Monday, January 30, 2006

Quality versus Quantity

A graduate student asks
Is it better to have a large number of good papers or a small number of great papers?
The answer is both, great papers to show you have depth and many good papers to show that the great papers were not flukes.

But suppose Fate gives you two roads and you had to choose. History will only remember your best work, so you'll want great papers or the world will eventually forget you. But a CV with many solid good papers will sell better and should help you land better jobs and grants. You'll be perceived as an expert in the field based more on breadth more than depth.

Underlying the question is whether a graduate student should take aim at very hard questions hoping for an award-winning paper. Unless you have some specific new approach that might work or you can still get reasonable results even if the big problem does not fall, you should try to focus more on tractable problems that will build up your research reputation.


  1. "But a CV with many solid good papers will sell better and should help you land better jobs and grants."

    Really?? I would have thought that one Turing-award-winning result would get you tenure anywhere on the planet, even if you had nothing else on your CV.

    Then again, that approach didn't work for Steve Cook, did it? Hmm.

  2. One risk is to spend time fruitlessly trying to prove a great result, the other is to spend time writing up minuscule results for obscure conferences. How can the graduate student take his own measure? By working on problems which are within his reach, but at the limit of his ability. That's also a good way (the only way?) for the student to make progress and further develop his abilities.

  3. Judging what to work on always entails risk; our judgements of the difficulty of problems are not always reliable.

    One solution is to diversify as one would an investment portfolio: invest some in high risk (longer term) and some in lower risk (shorter term).

    This strategy suggests that you have at least a couple of different things to work on that are of differing levels of risk.

  4. you should always push yourself, especially in graduate school. so it makes sense that your number of 2nd-tier publications (like soda, ccc, socg) should be at most double your number of 1st-tier publications (like focs, stoc), as an example, otherwise maybe you're not fulfilling your potential.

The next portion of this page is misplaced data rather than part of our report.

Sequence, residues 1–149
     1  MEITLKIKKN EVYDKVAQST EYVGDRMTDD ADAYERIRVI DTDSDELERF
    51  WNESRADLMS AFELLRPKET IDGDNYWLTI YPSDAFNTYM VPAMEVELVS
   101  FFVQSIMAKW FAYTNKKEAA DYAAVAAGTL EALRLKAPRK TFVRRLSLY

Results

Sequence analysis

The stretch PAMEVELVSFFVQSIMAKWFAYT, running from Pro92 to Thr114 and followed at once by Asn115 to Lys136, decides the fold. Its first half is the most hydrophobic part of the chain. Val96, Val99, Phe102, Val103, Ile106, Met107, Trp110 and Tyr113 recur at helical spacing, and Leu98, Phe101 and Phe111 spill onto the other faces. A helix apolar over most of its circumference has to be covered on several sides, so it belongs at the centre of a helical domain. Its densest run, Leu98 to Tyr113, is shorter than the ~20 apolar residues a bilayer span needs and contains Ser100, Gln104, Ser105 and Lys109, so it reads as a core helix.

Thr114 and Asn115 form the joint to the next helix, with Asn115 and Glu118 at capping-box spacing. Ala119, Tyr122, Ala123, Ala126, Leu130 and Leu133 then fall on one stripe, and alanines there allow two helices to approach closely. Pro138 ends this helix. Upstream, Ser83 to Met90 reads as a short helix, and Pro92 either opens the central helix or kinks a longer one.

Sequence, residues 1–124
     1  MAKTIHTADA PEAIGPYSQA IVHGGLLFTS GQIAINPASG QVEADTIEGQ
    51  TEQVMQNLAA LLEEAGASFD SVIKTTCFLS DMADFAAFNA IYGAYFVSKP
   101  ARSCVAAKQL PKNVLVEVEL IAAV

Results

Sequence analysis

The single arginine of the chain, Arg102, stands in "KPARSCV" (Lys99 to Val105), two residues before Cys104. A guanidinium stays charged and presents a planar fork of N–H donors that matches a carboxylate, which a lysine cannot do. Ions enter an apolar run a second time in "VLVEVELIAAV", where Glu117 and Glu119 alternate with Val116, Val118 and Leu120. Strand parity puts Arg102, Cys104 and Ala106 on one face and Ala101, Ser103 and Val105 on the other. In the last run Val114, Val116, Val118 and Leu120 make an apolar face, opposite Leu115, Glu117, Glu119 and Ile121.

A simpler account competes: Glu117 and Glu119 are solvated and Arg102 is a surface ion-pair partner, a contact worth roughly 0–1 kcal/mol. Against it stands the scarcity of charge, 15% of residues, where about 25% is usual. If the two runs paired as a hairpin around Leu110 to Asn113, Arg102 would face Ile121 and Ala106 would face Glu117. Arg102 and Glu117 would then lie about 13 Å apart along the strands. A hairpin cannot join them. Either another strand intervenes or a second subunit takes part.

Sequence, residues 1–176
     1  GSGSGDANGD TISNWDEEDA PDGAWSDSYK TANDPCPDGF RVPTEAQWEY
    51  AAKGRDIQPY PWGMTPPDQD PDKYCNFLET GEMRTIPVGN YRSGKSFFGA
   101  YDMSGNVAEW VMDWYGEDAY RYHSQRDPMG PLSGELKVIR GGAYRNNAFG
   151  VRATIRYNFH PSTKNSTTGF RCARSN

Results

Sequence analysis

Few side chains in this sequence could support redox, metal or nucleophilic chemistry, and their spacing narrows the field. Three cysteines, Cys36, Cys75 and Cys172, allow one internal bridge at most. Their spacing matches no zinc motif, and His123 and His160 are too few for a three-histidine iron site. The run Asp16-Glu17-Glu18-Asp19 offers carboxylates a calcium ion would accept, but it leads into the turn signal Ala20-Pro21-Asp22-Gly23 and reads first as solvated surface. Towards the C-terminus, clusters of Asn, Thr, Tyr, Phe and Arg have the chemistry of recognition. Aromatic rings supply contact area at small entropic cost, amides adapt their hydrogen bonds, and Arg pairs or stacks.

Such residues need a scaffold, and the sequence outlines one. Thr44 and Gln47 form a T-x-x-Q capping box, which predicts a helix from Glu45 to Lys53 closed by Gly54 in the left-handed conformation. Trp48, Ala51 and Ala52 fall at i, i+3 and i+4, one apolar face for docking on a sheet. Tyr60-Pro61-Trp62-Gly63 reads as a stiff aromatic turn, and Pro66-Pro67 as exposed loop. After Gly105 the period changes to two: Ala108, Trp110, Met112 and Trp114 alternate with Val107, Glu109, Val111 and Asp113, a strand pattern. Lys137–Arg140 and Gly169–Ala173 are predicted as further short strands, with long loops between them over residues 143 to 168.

(of course this scales to 2nd vs. 3rd vs. 4th tier, etc.)

  5. Jeff, correct me if I'm wrong, but didn't Cook publish his NP-completeness paper while at the University of Toronto (that is, after failing to get tenure at Berkeley)?

  6. ''2nd-tier publications (like soda, ccc, socg) should be at most double your number of 1st-tier publications (like focs, stoc)''

    I think your definition of 2nd-tier conferences versus 1st-tier conferences esp. about soda and socg are quite wrong.

  7. I agree with the last anonymous. Moreover, one should not only care about the publication venue but also about the impact of the concrete paper . Sometimes papers from the 3rd tier conferences get a lot of attention... since they are good.

  8. We do not always know how to distinguish a great paper from a merely very good one. Only the perspective of history allow us to do so. Best-paper awwards are very poor predictors of future great papers.

  9. Don't waste too much time obsessing about the mythological total ordering on results, conferences, and theoreticians that so many get wound up about. It's like they're doing this to prove they are the smartest kids in a world-wide advanced maths class, and not for the advancement of knowledge...

    You should be able to identify the contribution of each project you are involved with, and be able to explain its relevance to somebody who is not a theoretician, or at least, a theoretician not in your immediate circle of the like-minded. Never appeal to aesthetics, unless you are simplifying an important result with a complicated proof, or unifying some apparently unrelated results. Do not claim that a problem has practical consequences without being able to convincingly explain these consequences to a practitioner who would supposedly benefit.

    You also need to be able to distinguish between a long term plan that will likely have a pay-off and a time-sink. Good rules of thumb are the generation of publons at fixed time intervals, or to do round-robin scheduling until a project seems on the brink of success, at which point you go for that project.

    Breadth and depth are both important. Depth for showing that you can do outstanding work and be a leader, and breadth for demonstrating you are flexible. Breadth work will also help you maintain a large frontier of possible problems to work on in the future, it will help you converse with more people about technical matters, it will help you put things in perspective, and it could be very useful if your first career path (say, tenure track theoretician at top 20 university) does not pan out.

    As long as you keep working on a variety of problems with the knowledge and taste recognize the ones that matter and the honesty and self-awareness to know when you are not getting anywhere, you should do fine work.

  10. One should not hope for getting good results early in his research careeer just because he/she isnt exposed to the vast ocean. I as a grad student personally feel that the paper should have some quality but to expect a paper which can fetch you Turing award is beyond the reach of many grad students, not to undermine their capabilities.